Current drafts of the reauthorized Elementary and Secondary Education Act (ESEA) fall short of a commitment to use research to improve education. The bills—the “Student Success Act” in the House and the “Every Child Achieves Act” in the Senate—no doubt represent compromises and tradeoffs as any major legislation would. But who is arguing for less research and innovation in education?
Much of what is debated about No Child Left Behind is its accountability structure—annual tests, “annual yearly progress,” and the goal of moving every student to proficiency by 2014. But another important theme in NCLB was using “scientifically-based research.” Its steady drumbeat of “use research, use evidence, use scientific methods,” represented an embrace of education research and especially the practice of using causal methods to study program effectiveness. NCLB did not go as far as requiring research evidence as a basis for program funding, and in 2002 not much evidence would have met that standard. Related legislation that year created the Institute of Education Sciences, which followed through on the vision of building and using evidence to improve education.
Evidence from studies showed that some of what had been thought did not prove to be true. For example, after-school programs did not improve outcomes; using education software to support teaching did not raise test scores; teacher professional development did not raise test scores; voucher programs did not raise test scores; a range of programs to promote social and emotional learning had little effect on outcomes. It seems like a list of negatives, but evidence is useful one way or the other. And, as Tom Kane has argued, more than 80 percent of clinical trials fail to show effectiveness. Why would education be different? And some things that were not known became evident: for example, parents and students attending charter schools were more satisfied with the schools but the schools themselves ranged widely in their effectiveness; math textbooks can affect math skills differently, and NCLB itself raised test scores.
Research is included in the current ESEA drafts, but to no greater extent than it was for NCLB, and in some ways, it’s to a lesser extent. The House bill substitutes a new term, “evidence based,” for NCLB’s “scientifically based.” The substitution seems innocuous, but could prove problematic because the bill does not further define “evidence.” (NCLB defined “scientifically based” in Title IX.) If a state conducts a survey and finds that many students participating in a program think it is effective, is that evidence the program is effective? Under some definitions, yes. Under others, not so much. Opinions about effects are not the same as measures of effects.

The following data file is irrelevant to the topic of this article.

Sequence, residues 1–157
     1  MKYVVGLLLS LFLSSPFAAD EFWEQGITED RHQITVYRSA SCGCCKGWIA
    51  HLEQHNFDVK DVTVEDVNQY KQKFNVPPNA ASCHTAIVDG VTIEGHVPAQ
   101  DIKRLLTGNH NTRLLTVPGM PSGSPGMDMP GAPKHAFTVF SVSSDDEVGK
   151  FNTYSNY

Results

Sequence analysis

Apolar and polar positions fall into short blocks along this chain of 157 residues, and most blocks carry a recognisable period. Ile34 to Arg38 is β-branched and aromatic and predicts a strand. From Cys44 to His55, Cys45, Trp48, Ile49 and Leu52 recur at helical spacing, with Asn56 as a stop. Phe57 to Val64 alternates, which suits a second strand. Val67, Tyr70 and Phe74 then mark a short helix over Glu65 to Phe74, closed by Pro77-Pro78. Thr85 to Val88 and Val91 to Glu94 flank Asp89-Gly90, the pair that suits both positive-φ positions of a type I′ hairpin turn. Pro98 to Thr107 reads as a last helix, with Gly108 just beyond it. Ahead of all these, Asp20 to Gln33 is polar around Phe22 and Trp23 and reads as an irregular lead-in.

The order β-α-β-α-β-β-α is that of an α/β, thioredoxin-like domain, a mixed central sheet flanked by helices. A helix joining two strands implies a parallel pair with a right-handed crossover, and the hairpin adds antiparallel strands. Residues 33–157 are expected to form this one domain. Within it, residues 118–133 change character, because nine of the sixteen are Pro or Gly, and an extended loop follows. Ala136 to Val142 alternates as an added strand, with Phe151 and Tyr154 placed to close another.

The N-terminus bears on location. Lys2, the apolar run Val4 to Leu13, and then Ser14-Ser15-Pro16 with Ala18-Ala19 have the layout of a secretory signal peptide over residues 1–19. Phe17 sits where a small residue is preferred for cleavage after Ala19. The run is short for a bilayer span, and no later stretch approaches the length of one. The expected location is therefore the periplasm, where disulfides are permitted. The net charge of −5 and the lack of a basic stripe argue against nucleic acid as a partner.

Adding a definition of evidence will clarify what meets it and what does not. There is language in the House bill that says programs that receive funding under Title II to prepare new teachers need to “reflect evidence-based research, or in the absence of a strong research base, reflect effective strategies in the field, that provide evidence that the program or activity will improve student academic achievement.” So, what are “effective strategies in the field?” How is it determined that they improve academic achievement? Would it not be “evidence-based research” that shows the practices led to improvement?
The House and Senate bills also call for evaluations. The Senate bill calls for a national evaluation of its new literacy program, an evaluation of a program that serves students in foster care, and a demonstration program of innovative assessment systems that states can pilot. That demonstration is likely to be evaluated so it is mentioned here. The House bill calls for an evaluation of the charter school program and the magnet schools program, neither of which is new. It would be the third evaluation of magnet schools.
Of course, ESEA does not have to be directive about what should be studied. It can set aside money that can be used for studies, and allow their topics and focus to emerge elsewhere. Both bills include the key clause that funds research and evaluation. It states that the Secretary of Education can set aside to use for evaluation up to 0.5 percent of funds for all except the first title. Using 2014 appropriations, the set-aside amount is roughly $35 million. IES also receives funding to carry out the National Assessment of Education Progress, to support state development of their data bases, and for other purposes such as studies of special education. The $33 million is to support studies that relate to ESEA.